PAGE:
Posts Tagged With: team building

There can be only one (and it is not YOUR project)!

Managing a high priority project can be a wonderful experience.

You will usually receive ample support from senior leadership in resolving critical issues, getting funding for team celebrations is rarely a challenge, and helping team members and other key stakeholders understand the importance of the project and how its success will benefit them should be simple.

But this is rarely the case. Most of the time, we are working on initiatives which, while important, are not top of mind for your senior executives.

Here are just a few of the challenges with managing such projects:

  • Getting and sustaining senior leadership commitment and support is going to be much more difficult. Even your sponsor might have more important projects to support.
  • Keeping your team focused on delivering the project’s scope, especially if they are also working on higher priority projects is a constant struggle.
  • Ensuring that functional managers remain responsive to changes in staffing needs and providing you with the “right” staff to get the job done won’t be as easy.
  • Securing funding for more than the absolute bare minimum is tricky – especially contingency reserves or budget for team events.

So what can you do to improve your odds of success?

  • Practice effective, full life cycle risk management to reduce the number and impact of unpleasant surprises.
  • Consider using an incremental delivery approach so that your sponsor and other key stakeholders achieve an early and progressive return on their investment.
  • Spend extra effort emphasizing the holy trinity of purpose, autonomy & mastery to inspire your team members to do their best.
  • Double-down on team development through free or low-cost events and simple, but regular recognition of individual and team efforts. Help your team to identify the rituals and working agreements that will define team culture.
  • Have a “Plan B” handy so that if your staffing complement or funding gets slashed the team will still be able to deliver something of value. Wherever possible, structure your scope delivery to deliver higher value work packages early.
  • Take the time early in the life of the project to develop positive working relationships with the functional managers who will provide the staff for your team. Explore opportunities to help them achieve their goals through your project’s success. For example, if they want to raise the competency level of their team members, identify stretch activities or other learning opportunities within the project which might address this. If you can earn some IOU’s early on with these functional managers, those will come in handy down the road when you’ll need their help.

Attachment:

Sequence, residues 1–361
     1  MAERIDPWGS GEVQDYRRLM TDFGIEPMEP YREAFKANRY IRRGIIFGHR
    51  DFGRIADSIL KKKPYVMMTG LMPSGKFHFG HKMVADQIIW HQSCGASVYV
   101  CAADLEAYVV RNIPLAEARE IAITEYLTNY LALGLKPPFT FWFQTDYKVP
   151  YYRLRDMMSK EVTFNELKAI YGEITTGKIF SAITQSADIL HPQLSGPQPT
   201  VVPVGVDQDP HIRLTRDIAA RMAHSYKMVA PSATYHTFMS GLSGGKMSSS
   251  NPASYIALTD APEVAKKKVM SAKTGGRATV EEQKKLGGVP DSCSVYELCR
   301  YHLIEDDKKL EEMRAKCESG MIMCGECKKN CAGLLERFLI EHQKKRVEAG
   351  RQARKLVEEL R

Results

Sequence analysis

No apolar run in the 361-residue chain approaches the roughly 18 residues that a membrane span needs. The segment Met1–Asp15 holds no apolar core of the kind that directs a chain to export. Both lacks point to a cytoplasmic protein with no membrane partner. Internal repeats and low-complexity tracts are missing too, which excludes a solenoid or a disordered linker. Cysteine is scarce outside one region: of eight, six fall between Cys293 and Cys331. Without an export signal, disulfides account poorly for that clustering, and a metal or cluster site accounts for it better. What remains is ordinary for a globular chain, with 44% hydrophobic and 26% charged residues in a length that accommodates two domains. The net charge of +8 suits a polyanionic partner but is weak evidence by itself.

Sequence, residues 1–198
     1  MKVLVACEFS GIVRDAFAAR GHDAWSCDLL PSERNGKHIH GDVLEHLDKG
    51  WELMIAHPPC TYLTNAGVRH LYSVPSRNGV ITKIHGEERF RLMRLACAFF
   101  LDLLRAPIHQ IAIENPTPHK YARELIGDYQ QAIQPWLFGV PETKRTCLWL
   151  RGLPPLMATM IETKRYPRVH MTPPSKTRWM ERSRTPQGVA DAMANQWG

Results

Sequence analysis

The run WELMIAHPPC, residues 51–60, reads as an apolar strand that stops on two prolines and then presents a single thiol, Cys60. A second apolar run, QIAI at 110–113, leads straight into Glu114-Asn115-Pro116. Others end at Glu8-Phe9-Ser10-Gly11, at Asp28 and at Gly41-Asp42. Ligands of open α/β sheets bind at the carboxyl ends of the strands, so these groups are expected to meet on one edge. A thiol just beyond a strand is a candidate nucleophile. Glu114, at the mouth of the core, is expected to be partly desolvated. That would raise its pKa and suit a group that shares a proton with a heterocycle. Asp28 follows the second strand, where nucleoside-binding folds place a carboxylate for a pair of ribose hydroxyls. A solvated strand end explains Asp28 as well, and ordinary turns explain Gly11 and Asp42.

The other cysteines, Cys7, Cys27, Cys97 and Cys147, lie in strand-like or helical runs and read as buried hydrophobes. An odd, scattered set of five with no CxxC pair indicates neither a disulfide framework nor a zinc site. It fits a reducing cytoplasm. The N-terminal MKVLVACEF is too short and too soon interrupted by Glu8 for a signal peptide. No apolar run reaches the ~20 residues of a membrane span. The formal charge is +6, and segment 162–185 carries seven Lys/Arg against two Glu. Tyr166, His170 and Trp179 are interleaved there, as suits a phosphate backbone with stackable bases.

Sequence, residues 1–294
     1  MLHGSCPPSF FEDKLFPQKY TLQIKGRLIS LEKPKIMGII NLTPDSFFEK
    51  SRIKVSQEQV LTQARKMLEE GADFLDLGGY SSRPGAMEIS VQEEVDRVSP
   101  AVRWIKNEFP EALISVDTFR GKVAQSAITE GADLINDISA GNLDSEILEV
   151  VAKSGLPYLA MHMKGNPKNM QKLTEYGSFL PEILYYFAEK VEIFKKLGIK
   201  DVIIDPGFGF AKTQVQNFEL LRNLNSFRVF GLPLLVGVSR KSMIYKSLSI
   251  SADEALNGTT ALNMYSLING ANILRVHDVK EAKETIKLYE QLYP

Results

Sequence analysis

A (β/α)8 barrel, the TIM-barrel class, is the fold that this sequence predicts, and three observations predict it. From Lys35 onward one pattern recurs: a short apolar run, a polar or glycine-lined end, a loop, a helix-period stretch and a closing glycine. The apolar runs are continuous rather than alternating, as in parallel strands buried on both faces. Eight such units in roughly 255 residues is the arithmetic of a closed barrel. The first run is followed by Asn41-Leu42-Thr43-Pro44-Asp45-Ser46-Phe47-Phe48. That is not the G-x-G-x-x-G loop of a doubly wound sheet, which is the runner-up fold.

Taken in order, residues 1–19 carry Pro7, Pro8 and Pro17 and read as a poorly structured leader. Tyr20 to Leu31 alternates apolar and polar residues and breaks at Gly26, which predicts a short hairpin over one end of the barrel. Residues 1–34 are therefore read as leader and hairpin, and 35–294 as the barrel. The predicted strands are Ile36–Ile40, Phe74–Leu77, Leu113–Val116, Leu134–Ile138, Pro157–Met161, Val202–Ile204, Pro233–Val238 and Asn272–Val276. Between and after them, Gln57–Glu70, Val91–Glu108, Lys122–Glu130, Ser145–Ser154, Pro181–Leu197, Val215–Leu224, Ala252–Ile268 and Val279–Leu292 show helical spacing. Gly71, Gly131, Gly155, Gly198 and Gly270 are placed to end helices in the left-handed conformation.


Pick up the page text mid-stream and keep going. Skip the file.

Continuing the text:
You should never view your challenges as a disadvantage. Instead, it’s important for you to understand that your experience facing and overcoming adversity is actually one of your biggest advantages.” – Michelle Obama





Categories: Project Management | Tags: , , , | Leave a comment

Scrum values can help your team become psychologically safe

While teaching a class earlier this week, a learner asked how will team members start to feel psychologically safe, especially if they are working in a company whose culture isn’t fully supportive of this critical ingredient to a high performing team.

Updating existing corporate values, and senior and middle management leaders holding themselves and each other accountable to modeling behaviors consistent with these refreshed values helps as does coaching at all levels of the organization. For individual team members, the Scrum values can provide good reminders of our own responsibilities for creating a psychologically safe working environment regardless of which delivery framework or method we are using.

Commitment: While we normally think of this value in terms of committing to achieving team goals, this value can also be considered as a shared commitment to creating a safe environment.